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It’s Time to Close the Gap on Security and Innovation to Fix Australia’s Data Breach Problem

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Despite increased pressure from regulators and businesses investing heavily in data security, enterprise leaders are still facing challenges in understanding and responding to data breaches, especially in Australia.

Despite increased pressure from regulators and businesses investing heavily in data security, enterprise leaders are still facing challenges in understanding and responding to data breaches. Breaches continue to occur at an alarming rate, especially in Australia. There were a total of 245 reported between April to June of 2019 under the Notifiable Data Breaches (NBD), according to the Office of the Australian Information Commissioner (OAIC). As the numbers show, even with the pressure of legislation breaches are continuing to occur at the same rate as before with relentless consistency. So why isn’t the current approach to data security working?  

The truth is you can’t stop data breaches—they’re inevitable. If you’re a modern company operating in today’s digital age, applications sit at the heart of your business. While building software and applications opens up new opportunities for companies, it also brings about new challenges and a lot more complexity. Building software requires developers to have access to high-quality test data in non-production environments for developing, testing, and reporting. But security challenges are then amplified because non-production environments are almost always replicas of production environments that contain real data, including confidential information about the organisation, employees, and customers.  

Security and Innovation: Better Together

Security is often thought to be at odds with innovation, particularly given the rate of advancement that many organisations are trying to achieve through DevOps. With consumers’ demand for a near-constant cycle of updates and developments more in line with their needs, security can be seen to be more of a hindrance than a help in the race to innovate.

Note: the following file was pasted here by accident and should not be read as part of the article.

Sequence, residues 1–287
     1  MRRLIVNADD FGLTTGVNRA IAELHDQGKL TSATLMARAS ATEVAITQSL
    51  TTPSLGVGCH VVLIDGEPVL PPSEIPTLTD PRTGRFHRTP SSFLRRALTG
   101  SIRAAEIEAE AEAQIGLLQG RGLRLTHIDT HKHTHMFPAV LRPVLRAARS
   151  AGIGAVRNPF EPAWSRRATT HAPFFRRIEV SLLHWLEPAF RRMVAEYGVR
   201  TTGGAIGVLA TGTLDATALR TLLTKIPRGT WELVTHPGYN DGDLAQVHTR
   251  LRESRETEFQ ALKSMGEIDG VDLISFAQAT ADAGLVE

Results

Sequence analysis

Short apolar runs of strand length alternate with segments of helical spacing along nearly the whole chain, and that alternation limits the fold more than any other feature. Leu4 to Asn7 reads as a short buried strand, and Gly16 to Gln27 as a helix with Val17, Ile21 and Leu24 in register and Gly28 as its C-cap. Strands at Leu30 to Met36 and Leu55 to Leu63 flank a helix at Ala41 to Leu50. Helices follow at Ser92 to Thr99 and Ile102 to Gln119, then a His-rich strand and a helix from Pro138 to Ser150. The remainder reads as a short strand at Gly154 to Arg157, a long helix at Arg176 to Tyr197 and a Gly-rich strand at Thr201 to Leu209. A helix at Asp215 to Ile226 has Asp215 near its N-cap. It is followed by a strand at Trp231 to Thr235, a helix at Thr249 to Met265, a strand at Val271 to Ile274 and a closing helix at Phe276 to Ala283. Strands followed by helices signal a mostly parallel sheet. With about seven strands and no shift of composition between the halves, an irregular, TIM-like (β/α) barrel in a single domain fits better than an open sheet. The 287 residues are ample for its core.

But businesses can’t enable data-driven transformation while neglecting data security. Developments in legislation and regulation mean any business that innovates at the expense of security, putting sensitive consumer data at risk, will be heavily penalised through the likes of NDB in Australia and global initiatives like GDPR, as well as potentially having their reputation blemished. Rather than prioritising simply speed, businesses can implement processes that better manage data to reduce risk.

Freezing Innovation – or Thawing it?

While you can never get to zero risk, masking your data minimises your risk of a harmful breach by strengthening data security controls that ensure only the right people have access to sensitive data while still allowing innovation to continue at a fast pace. Should any data fall into the wrong hands, its potential for malicious use is drastically reduced without actual access to sensitive information.

The solution to minimising risk lies in one’s choice of data masking techniques. Shuffling, for example, results in data that’s anonymised but doesn’t provide insight as it can’t be used in development. Obfuscation, on the other hand, is a better alternative as it allows software development teams to use secure data in their delivery pipeline with speed and efficiency.

As organisations look at the rising data breach casualties around the country, they may be tempted to go into “lock-down” and curtail, or even reduce, their digital footprint. That in turn certainly leads to limping behind competitors because of the lack of innovation. Rather than just moving fast and breaking things, businesses can move fast and responsibly with effective data management and security practices.

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